Why paying your agency for being nice to you is flawed

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This post is by Darren Woolley, Founder of TrinityP3With his background as analytical scientist and creative problem solver, Darren brings unique insights and learnings to the marketing process. He is considered a global thought leader on agency remuneration, search and selection and relationship optimisation.

It is fairly common for Agency Relationship consultants to recommend that agency fees, and especially performance fees should be linked to the results of the surveys they run. This is a great way to lock the advertiser into a contract and on the surface provides a tangible value to the survey process. But in our experience and based on insights from behavioural economics this is seriously flawed.

In one recent case we heard about, the agency had more than half their bonus based on the score from the survey and because of issues (with fault on both sides) that occurred a week or so before the survey, the marketers appeared to punish the agency with very low scores and an increased ‘gap’ between agency and client perception. The Client Services Director then spent weeks trying to undermine the results to get a score changed in the face of a 50% reduction in bonus.

We recommend performance based components to agency remuneration, where it is appropriate. We just believe linking the agencies bonus to a score on a survey does an injustice to the agencies and the advertiser and here is why.

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For advertising agencies, “a happy client means a happy agency CFO”. Because when the client is happy the agency makes money.

So it got me wondering why so many clients use financial incentives to encourage their agencies to be nice to them, when a bigger financial incentive is already built into a positive relationship?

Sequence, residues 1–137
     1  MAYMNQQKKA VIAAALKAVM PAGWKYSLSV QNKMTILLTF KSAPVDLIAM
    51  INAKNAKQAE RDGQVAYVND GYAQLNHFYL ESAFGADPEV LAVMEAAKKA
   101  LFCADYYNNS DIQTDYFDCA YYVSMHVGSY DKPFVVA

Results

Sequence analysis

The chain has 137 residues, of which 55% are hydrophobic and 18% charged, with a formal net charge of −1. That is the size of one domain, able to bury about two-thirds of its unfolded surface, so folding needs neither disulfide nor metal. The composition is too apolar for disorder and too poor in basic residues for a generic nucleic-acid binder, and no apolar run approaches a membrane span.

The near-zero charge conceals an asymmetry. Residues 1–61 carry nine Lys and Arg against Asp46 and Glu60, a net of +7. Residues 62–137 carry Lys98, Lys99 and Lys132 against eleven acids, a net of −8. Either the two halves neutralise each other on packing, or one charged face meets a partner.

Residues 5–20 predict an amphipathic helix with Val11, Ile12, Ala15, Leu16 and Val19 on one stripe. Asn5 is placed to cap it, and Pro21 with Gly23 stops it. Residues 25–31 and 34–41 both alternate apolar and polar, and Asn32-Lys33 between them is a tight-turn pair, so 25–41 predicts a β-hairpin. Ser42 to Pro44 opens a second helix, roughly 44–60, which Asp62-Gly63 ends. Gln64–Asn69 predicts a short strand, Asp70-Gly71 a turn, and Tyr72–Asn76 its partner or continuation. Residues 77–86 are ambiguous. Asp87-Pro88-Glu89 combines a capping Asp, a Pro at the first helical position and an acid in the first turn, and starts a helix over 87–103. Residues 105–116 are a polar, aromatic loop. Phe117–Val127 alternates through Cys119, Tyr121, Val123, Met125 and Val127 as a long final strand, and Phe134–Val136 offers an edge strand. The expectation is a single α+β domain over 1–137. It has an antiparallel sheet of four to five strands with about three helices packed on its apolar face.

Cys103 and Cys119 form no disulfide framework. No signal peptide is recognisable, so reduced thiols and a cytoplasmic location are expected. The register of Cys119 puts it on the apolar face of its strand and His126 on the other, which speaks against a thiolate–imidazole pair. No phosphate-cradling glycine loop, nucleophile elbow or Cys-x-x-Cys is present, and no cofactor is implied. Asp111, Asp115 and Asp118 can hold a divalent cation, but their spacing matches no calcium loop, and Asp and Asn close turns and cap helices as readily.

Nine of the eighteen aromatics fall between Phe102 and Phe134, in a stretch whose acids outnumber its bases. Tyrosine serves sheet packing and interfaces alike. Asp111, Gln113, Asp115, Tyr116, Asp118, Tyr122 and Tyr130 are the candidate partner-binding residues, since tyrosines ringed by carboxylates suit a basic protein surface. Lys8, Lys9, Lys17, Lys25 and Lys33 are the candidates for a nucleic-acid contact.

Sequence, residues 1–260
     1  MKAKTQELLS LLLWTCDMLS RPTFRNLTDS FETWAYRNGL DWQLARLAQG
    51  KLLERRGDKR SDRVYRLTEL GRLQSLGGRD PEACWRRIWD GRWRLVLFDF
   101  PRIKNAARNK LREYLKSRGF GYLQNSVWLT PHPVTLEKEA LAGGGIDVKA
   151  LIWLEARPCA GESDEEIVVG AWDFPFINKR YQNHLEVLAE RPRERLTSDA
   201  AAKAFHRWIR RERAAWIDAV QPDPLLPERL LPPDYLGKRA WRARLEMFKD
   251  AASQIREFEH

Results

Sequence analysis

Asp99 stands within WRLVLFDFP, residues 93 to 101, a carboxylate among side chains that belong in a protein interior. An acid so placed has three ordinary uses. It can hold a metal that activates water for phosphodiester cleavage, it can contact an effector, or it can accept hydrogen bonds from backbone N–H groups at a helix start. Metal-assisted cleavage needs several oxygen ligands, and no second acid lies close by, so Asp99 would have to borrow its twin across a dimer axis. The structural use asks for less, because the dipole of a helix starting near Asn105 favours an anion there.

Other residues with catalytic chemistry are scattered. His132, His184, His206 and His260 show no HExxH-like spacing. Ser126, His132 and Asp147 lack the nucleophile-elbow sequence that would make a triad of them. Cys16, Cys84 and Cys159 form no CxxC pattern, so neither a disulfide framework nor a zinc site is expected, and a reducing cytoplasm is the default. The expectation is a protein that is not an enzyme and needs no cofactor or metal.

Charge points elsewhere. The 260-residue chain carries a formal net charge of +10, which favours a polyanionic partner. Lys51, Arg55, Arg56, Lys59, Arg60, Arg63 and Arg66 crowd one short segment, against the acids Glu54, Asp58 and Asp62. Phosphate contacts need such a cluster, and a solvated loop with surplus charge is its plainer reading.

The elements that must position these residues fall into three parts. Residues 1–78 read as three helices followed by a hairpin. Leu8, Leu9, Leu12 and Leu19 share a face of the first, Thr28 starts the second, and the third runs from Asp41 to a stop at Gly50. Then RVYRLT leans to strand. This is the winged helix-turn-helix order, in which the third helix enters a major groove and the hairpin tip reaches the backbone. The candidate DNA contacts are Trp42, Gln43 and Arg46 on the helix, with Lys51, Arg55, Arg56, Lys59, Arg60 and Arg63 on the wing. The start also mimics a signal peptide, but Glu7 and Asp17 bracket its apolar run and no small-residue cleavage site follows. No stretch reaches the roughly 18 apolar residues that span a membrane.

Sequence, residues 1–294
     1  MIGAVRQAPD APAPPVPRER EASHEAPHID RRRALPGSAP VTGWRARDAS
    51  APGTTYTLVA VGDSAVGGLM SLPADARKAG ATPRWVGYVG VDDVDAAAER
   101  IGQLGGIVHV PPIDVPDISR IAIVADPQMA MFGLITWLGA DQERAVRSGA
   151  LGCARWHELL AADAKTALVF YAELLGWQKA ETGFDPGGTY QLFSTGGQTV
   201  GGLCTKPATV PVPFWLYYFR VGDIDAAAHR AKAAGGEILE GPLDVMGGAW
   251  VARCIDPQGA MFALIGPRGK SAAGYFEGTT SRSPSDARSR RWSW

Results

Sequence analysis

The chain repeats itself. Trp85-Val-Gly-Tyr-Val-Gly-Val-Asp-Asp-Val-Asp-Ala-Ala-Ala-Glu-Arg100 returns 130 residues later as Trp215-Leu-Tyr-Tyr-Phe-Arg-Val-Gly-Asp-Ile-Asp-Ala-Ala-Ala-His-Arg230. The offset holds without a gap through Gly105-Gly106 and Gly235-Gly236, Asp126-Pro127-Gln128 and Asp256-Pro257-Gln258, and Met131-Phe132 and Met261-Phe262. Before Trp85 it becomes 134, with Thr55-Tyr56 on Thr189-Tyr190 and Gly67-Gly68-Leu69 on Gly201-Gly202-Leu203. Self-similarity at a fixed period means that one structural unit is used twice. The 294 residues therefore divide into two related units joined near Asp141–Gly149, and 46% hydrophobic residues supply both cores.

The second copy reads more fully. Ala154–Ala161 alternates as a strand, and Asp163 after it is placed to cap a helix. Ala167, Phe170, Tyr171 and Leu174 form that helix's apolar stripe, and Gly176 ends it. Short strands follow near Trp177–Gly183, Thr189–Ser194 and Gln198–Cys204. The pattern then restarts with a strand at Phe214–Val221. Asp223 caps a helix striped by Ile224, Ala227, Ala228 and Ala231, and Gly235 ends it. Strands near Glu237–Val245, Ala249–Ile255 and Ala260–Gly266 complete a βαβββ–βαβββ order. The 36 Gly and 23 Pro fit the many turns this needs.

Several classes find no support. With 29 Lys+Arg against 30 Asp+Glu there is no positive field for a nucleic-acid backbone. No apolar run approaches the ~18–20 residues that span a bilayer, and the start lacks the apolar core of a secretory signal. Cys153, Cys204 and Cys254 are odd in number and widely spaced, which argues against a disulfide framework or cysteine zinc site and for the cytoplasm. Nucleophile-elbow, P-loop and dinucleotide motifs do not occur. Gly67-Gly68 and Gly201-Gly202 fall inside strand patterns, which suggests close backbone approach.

I hear and have seen account management people turning themselves inside out looking for a few extra points on the latest client relationship survey because it will mean they will get a few thousand more in bonuses.

Behaviour Economics Professor Dan Ariely has shown time and again the distorting impact monetary incentives have on human behaviour.

So is that really the purpose of having a relationship management process? To have the agency fixate on the bonus and how it is calculated?

If the relationship is strong, then the marketers will give more work to the agency and the agency will increase their revenue.

This has a positive impact on everyone in the agency. There is more work for strategy, creative, production and account management, making for a happy agency CFO.

But lets look at the alternative.

Having some sort of regular structured feedback system is a positive step. I think all major advertisers should invest in managing their agency relationships. And that’s all of their agency relationships.

But what about the money?

How much is a good relationship worth?

How big does the bonus need to be? 5% of revenue? 10%? Is it 40% of the bonus? 50%?

And what score does the agency need to get the bonus? Points above the global average? Points improved?

Suddenly it gets so murky and petty. And the agency becomes more interested in the score than improving the relationship.

Suddenly the score and the bonus is more important than the relationship.

But important to whom?

Well that is usually only the senior management team at the agency, because almost no one else working on your business gets a benefit from this bonus.

So who is it really incentivising?

If you want good agency relationships, you need to manage them, measure them and look for ways to maximise them. But it is impossible to simply just pay for them.

In our experience, regular relationship reviews (either quarterly or six monthly) are invaluable. But when these are linked to the agency bonus the focus is diverted away from the objective of improving the relationship and makes the agency focus how to maximise the score now.

We believe a more effective bonus system links agency payments to the delivery of tangible results such as improved media value, increased marketing metrics or in the case of direct response, leads and sales.

What is your experience with performance based models? How have you integrated metrics into this process? And do soft scores like ‘relationship’ work or not? I look forward to the discussion.

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About Darren Woolley

Darren is considered a thought leader on all aspects of marketing management. A Problem Solver, Negotiator, Founder & Global CEO of TrinityP3 - Marketing Management Consultants, founding member of the Marketing FIRST Forum and Author. He is also a Past-Chair of the Australian Marketing Institute, Ex-Medical Scientist and Ex-Creative Director. And in his spare time he sleeps. Darren's Bio Here Email: darren@trinityp3.com

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